2. I may start calling you “Hope”, for that’s what this piece is giving me. Ive been wallowing in dispair as we too try to downsize in another area near children. The thought alone of looking for that final home, final resting place, has been so stressful and also depressing. Like you our search area seems to be widening further from those we are trying to be near.
    Your article gives me hope. It’s not just about our final years, but about today. We are in our late 60s so no, we aren’t as energetic as we were 40 years ago when we bought our present home. Our minds are both sharp and our health is manageable. I don’t want this move to be sad. I want more. I want to change our search filters to suit our present lives. Thank you, thank you for sharing your story. You’ve touched my heart in so many ways. 💕


  3. Thank you for that nice reminder. I’ve spent too much time in the past (mainly because of friends coming in for 50th college reunions.) And I too worry about our future health. We keep thinking we will see where our son is going to land. But for the moment we will stay here and work in the garden and be happy that we can. Best wishes for Happiness in your new home.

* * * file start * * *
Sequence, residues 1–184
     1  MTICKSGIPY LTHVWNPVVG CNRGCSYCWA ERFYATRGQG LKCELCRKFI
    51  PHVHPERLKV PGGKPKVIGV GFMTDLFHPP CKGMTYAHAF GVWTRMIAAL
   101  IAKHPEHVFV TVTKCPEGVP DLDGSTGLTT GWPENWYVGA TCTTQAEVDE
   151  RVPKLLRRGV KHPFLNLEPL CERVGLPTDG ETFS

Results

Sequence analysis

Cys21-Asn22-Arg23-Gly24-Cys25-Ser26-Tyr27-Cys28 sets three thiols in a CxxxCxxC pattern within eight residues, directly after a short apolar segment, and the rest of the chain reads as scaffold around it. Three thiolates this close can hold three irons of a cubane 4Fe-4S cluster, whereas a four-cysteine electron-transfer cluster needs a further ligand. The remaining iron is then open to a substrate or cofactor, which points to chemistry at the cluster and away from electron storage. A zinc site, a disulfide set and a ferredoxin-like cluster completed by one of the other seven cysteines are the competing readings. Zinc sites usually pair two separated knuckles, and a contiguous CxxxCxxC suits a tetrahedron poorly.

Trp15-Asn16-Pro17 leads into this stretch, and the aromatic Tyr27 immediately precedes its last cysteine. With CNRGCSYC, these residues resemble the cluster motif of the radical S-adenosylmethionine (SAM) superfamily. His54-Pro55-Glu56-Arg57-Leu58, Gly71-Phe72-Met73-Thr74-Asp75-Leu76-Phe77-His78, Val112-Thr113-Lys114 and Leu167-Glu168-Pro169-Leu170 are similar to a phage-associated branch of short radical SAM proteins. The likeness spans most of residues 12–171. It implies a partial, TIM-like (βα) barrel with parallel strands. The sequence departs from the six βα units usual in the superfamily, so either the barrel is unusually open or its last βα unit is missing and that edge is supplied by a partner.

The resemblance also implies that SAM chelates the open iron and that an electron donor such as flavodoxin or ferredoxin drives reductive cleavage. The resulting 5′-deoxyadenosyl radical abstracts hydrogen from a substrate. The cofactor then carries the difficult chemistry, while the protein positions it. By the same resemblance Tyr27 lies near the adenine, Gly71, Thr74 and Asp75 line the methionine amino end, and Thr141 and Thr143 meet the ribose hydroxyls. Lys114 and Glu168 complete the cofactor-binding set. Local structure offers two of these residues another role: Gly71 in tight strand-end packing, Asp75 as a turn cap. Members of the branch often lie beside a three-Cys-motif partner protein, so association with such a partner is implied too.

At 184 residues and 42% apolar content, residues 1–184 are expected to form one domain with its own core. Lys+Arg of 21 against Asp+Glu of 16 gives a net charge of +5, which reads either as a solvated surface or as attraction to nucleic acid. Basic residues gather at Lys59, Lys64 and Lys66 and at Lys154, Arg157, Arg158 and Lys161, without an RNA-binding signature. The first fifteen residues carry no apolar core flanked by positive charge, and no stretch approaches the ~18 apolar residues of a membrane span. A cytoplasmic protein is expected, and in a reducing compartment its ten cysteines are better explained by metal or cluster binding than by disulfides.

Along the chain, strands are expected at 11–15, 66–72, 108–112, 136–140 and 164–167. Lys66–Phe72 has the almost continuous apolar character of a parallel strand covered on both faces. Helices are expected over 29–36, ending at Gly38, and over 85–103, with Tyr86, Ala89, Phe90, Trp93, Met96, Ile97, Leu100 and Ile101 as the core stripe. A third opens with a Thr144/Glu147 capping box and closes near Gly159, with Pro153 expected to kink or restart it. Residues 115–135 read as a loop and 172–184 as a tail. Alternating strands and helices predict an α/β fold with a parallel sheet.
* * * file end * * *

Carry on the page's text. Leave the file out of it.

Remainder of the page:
4. Hi Kathy, we too moved to retire in Michigan. For us it was to get closer to family and we also ended up with a much larger home and property than we originally wanted. However, we love the new home and proximity to family. My heart goes out to you and your struggles. Some dementia runs in my family and it scares me. My husband is diabetic and doing well but certainly something we have to keep on top of!

    Blessings to you!


  5. I appreciate what you’ve written here. Been following your past few posts. Good luck with the next few months of transition as you settle into your new “normal”. I retired on August 1 of this year and I’m launching my blog at http://www.EncourageMeNews.com. It’s still in it’s very infant stages, but you gotta start somewhere, and I’m very excited to be writing as my encore career. 🙂 Blessings to you and your family.


  6. I am so happy for you, Kathy. The new house sounds wonderful. I know you will enjoy the 15 acres. I lived on property similar to that for 23 years and loved every day with nature all around me. Let the future take care of itself. As one of my late father’s favorite Bible verses says, “Sufficient unto the day is the evil thereof.” Meaning, let tomorrow take care of itself – today is enough for me!


  7. What a heart warming story of letting your hearts lead the way. We’re still in the house that “spoke” to us…….for over 30 years now. We’ve made many updates over the years and it’s still home. As you are both still physically able, certainly you are right to pick a happy place over just a practical place. Bless you for your love and care of Martin and wishing you your own fulfillment.